Fifteen years ago, Grand Rapids was a surprise and an overlooked destination. Even then, the potential was there. Grand Rapids’ adjacency to both Steelcase and Herman Miller had extended the furniture-making tradition into designed workspaces to the extent that when the mass-market factory producers decamped to the East Coast where shipping to global markets was easier, the respect for arts, design and architecture never left. Nor did the culture that embraced diversity and recognized the economic sense of inclusion. One trip to the Grand Rapids Gerald Ford museum---walking distance from the massive, stately Amway Grand Hotel, with its scenic towers and elegant dining rooms---is enough to convince most visitors that this not what they expected. Certainly having a revered and long-time Congressman who would eventually become President was helpful to civic improvement and attention to his hometown, but what really made Grand Rapids into what it has become has been the consistent commitment by the descendants of some of the original Dutch settlers most prominently the Meijers, the DeVoses and the Van Andels.
The superstore founders nurtured and coaxed a large (132-acre) property that didn’t work out as a store, into Frederick Meijer Gardens and Sculpture Park, home to a beautiful display of foliage but a world-class art collection and during the summer, an entertainment venue as well. (Santana starts the season with a concert June 1st.) One of the highlights of the Gardens is one of the two DaVinci horses: The American Horse by Nina Akamu --- the other is in Milan where it originated --- which was undertaken by Frederick Meijer himself and completed in the early 2000s. The original DaVinci horse was never completed by the artist himself, stopped on account of a war that required the metal to be used for cannons and armaments. It would take hundreds of years for someone with the means and imagination of the recently deceased patriarch of the family to finally get it done. Now there are 170 sculptures by world-renowned artists including Jean Arp, Alexander Calder, Henry Moore, Claes Oldenburg, Marshall Fredericks, Arnaldo Pomodoro, Dale Chihuly, Laura Ford and Kenneth Snelson on display with more sculptures added each year.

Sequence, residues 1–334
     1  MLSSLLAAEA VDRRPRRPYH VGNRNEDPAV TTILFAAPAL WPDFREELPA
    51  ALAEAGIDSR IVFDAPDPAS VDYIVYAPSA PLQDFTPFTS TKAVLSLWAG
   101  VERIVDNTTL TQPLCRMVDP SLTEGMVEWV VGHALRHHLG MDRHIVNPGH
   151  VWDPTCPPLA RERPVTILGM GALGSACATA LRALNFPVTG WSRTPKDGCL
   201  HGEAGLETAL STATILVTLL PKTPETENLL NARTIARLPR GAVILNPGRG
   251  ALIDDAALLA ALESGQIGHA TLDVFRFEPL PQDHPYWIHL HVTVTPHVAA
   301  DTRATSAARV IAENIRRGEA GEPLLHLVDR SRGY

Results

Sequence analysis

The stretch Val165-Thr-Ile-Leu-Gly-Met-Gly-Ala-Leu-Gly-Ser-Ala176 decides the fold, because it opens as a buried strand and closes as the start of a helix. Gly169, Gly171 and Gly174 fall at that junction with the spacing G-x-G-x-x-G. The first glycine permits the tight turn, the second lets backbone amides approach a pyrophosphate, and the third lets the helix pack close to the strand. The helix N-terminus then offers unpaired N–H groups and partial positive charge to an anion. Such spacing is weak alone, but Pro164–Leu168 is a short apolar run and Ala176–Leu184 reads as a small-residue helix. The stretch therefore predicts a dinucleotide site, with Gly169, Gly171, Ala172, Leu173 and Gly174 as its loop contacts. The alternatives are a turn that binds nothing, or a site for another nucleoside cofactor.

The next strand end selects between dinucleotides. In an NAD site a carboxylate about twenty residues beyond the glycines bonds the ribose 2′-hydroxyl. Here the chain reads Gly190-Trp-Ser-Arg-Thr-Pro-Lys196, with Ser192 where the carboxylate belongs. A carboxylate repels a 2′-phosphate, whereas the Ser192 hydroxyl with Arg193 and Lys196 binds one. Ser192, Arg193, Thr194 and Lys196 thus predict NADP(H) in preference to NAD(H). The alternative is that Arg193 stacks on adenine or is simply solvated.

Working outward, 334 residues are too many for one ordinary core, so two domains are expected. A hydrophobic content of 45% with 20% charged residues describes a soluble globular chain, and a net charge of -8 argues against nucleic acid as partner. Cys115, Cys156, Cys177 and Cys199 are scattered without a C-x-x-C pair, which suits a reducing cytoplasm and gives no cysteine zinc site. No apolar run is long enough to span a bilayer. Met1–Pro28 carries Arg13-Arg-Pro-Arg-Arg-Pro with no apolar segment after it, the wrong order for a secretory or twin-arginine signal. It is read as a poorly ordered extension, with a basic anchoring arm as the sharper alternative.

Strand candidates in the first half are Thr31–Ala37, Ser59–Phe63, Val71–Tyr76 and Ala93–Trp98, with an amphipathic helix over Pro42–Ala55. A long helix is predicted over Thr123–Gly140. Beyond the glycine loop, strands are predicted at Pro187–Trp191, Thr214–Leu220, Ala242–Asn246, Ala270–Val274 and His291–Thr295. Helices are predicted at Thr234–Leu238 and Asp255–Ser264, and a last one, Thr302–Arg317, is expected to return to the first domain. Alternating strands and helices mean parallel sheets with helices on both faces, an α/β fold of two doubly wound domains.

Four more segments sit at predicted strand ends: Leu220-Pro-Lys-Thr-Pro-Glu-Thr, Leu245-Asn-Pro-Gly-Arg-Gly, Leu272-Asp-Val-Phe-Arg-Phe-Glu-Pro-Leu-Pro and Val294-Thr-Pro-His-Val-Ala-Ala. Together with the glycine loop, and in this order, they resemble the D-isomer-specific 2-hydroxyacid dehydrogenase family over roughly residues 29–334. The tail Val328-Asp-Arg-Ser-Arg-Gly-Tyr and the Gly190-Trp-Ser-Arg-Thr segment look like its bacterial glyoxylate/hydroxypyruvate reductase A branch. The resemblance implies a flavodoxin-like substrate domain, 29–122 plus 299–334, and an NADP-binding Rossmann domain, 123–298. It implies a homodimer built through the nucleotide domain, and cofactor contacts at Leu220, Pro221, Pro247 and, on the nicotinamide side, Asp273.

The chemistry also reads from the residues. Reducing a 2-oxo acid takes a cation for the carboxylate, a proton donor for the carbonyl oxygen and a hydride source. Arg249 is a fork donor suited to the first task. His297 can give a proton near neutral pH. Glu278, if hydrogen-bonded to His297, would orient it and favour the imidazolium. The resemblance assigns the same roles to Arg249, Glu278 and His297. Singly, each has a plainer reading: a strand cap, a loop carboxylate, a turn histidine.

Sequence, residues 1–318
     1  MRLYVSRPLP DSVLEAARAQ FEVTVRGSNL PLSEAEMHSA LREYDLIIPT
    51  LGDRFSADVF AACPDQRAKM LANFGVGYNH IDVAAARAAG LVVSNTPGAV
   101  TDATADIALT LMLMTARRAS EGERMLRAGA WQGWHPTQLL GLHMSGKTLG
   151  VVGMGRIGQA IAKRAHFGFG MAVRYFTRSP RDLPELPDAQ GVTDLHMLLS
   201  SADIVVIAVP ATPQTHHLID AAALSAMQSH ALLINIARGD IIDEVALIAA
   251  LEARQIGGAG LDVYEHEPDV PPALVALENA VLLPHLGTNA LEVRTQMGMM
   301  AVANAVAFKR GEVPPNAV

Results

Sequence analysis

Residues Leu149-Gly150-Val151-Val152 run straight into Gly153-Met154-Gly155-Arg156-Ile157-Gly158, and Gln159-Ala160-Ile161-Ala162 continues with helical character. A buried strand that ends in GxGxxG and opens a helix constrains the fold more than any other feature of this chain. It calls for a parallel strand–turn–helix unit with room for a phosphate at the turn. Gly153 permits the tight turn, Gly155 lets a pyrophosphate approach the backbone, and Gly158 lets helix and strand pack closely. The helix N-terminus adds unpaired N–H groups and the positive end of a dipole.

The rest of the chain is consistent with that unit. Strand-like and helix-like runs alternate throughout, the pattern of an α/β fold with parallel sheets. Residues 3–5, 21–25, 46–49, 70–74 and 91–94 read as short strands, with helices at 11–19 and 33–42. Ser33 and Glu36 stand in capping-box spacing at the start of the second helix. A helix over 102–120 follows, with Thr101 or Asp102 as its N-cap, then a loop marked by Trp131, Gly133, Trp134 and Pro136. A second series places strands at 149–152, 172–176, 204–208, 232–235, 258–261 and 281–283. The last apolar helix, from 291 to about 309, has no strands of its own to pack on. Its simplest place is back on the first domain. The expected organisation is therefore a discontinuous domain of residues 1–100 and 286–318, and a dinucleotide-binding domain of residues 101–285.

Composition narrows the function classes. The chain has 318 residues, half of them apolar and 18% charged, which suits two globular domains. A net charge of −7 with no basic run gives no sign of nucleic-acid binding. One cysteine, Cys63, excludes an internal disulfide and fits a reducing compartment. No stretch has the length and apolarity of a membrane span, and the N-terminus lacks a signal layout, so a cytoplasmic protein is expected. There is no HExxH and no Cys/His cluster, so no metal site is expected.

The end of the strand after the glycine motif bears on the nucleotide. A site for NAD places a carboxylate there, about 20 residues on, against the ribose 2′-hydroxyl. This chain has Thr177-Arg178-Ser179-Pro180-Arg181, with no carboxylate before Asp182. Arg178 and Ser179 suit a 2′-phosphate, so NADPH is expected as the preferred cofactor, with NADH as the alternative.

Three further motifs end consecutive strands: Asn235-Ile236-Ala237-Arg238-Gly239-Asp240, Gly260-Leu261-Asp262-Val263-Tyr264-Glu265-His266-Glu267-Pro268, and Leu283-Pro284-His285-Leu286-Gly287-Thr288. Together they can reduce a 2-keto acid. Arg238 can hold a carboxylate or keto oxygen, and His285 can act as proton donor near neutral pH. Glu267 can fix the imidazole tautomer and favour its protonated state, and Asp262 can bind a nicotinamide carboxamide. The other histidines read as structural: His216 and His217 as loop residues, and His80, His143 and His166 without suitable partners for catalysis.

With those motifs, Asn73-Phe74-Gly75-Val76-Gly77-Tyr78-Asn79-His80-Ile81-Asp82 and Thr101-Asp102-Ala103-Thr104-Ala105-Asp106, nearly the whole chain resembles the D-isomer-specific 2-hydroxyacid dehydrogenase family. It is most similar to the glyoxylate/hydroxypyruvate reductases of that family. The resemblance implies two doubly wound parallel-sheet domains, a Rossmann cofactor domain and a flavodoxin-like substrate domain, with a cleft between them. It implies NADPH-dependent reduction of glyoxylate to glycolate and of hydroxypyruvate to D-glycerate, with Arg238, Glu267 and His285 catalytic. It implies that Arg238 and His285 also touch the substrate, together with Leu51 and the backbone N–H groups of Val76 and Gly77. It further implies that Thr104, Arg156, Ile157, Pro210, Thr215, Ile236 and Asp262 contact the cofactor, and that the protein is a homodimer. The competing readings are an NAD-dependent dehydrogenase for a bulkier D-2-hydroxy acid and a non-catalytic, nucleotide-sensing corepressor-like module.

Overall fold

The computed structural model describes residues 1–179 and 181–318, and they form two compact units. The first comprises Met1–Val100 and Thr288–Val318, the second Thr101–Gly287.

The DeVoses and the Amway Company have been a constant force behind downtown development in Grand Rapids, in addition to the original Amway hotel and shopping pavilions, the DeVoses were behind the skyscraper J.W. Marriott, which debuted in 2008. After that more hotels came along to accommodate the DeVos Place Convention Center and Van Andel Arena as the city has continued to expand its population---Grand Rapids is the second largest city in Michigan now with 200,000 in the city and about a million people within its Grand River Valley circumference. A momument to green building and contemporary art the Grand Rapids Art Museum at the center of the city also opened in 2008 and the Grand Rapids Museum, an edifice of mainstream scientific accomplishment funded by the Van Andels, sits just across the river And the families continue to come up with new ideas to make Grand Rapids better and stronger. Notably in 2009 the Amway founder’s grandson, Rick DeVos, still in his 20s then, devised a unique art contest called ArtPrize, which quickly evolved into the largest event of its kind in the world. For two weeks during the fall almost 2000 artists display their works throughout the city and visitors---now in the hundreds of thousands--- cast their votes. Grand Rapids has also become a destination for food and craft brews, but there are numerous high-end restaurants---the Ruth Chris’ Steakhouse at Amway is a new and vibrant example---an innovative concept eateries like the DeVos family’s Reserve, a bank building turned into a small marble-encrusted cathedral where you can feast on small plates, fine wine by the glass and great conversations with the important folks in this energetic town.